My Trouble with Pronouns

In the summer of 2015, my brother announced to my family that he had never truly identified with the female body he had been living with for 32 years, and wished to continue the rest of his life as a man. In his email to the family, he wrote two things that still stand out to me:

“I really wish I knew another word for supported!”

“This doesn’t change who I am…I will always think I’m the funniest person I’ve ever met.”

And the responses:

            My other brother: “Well, I always wanted a brother.”

            Myself: “FYI, even if you think otherwise, I’m the funniest person you’ve ever met.”

My mother: “Synonyms for supported: sustained, approved, sanctioned, okayed, endorsed, confirmed. Pick one and please rewrite this letter.”

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Watching TV Makes You Emotionally Smarter

“I love a feel-bad movie. I hate to feel good at a theater. There is such honesty in the pain he puts on screen.” —John Waters on Bruno Dumont

On December 14, Sundance Channel will air the series finale of Rectify, a drama that follows Daniel Holden, who has been released after nearly 20 years on death row—most of them spent in solitary confinement—when DNA evidence clears him of the rape, but not the murder, that put him there. For three seasons, the show has followed Daniel and his family through his reintroduction to society. His case reopened, the events of the crime are called into question, and the initial investigation is reexamined.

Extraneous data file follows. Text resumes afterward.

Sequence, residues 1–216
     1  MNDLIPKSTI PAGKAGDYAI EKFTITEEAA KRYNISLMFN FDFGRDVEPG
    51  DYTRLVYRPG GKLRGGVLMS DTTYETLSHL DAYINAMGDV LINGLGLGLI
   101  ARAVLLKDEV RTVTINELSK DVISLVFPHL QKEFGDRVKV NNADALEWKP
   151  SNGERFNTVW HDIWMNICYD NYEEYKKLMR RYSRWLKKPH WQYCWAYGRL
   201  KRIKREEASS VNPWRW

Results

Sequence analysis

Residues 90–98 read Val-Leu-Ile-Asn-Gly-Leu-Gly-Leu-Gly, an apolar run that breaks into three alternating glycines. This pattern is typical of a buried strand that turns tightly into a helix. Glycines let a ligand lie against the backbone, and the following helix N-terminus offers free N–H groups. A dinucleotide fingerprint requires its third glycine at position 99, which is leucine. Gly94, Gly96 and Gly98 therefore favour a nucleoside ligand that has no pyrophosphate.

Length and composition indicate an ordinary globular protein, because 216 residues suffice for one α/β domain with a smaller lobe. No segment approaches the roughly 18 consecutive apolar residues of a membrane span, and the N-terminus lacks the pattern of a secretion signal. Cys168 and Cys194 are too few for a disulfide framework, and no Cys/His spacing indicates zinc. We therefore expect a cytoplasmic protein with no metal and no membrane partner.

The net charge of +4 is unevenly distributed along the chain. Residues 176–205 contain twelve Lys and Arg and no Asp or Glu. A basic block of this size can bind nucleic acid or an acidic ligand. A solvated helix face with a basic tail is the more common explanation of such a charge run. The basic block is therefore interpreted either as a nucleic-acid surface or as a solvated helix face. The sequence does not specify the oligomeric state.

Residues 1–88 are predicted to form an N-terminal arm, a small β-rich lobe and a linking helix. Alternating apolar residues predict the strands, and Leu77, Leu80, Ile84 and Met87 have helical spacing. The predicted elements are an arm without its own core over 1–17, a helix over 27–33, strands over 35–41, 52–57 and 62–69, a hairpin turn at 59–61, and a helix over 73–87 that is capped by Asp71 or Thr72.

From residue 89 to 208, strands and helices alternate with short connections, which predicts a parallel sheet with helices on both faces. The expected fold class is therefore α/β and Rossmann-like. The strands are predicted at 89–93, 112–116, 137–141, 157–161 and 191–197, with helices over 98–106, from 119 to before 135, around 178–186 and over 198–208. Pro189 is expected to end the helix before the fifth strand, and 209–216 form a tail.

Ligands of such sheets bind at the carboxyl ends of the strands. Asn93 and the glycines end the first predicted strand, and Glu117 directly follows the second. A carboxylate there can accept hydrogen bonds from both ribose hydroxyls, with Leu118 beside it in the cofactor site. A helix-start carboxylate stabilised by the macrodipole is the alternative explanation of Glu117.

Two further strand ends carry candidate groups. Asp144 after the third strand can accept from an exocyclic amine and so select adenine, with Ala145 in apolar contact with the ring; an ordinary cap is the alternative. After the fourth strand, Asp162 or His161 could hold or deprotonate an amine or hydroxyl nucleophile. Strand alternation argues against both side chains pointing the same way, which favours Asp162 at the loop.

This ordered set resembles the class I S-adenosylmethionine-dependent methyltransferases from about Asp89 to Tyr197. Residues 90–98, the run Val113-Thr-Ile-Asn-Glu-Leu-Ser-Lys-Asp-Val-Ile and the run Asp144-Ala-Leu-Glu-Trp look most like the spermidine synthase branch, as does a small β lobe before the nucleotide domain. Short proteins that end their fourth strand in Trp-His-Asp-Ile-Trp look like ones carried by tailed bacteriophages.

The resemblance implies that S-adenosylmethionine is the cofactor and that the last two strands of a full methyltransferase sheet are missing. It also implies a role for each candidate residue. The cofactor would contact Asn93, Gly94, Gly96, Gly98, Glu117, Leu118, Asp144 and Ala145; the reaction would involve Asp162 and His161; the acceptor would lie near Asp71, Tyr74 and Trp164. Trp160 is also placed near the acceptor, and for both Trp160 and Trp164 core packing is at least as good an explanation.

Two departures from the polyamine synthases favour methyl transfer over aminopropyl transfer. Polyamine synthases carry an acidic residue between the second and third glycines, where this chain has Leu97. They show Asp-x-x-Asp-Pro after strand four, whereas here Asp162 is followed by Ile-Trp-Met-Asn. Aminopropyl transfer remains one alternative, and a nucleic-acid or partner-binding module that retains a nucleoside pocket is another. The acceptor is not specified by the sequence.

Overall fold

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Like You're Under Sedation

The Rocky Horror Picture Show: Let’s Do the Time Warp Again feels like a very 2016 programming choice. I can almost picture Fox executives congratulating themselves the moment they discovered this perfect material to repurpose and appeal to today’s all-inclusive, gender-fluid youth of America. What a boon it must have seemed to them, then, to place Laverne Cox – a transgender actress – in the crux of the strange and sexual goings-on as Dr. Frank-N-Furter, a role originated in drag by Tim Curry.

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Missing Links

LinkNYC is an infrastructure program launched by the Mayor’s Office to replace the city’s unused payphone banks. Predicated on the promise of Internet access for all, they were promoted as kiosks with a cause—a complex network bringing connectivity to the masses and providing New York City with the world’s biggest and fastest public network. Each Link, the name seemingly plucked from a lexicon of tech-related buzzwords and given to an individual kiosk, is equipped with device charging inputs, free calling services, and a tablet for looking up city information.

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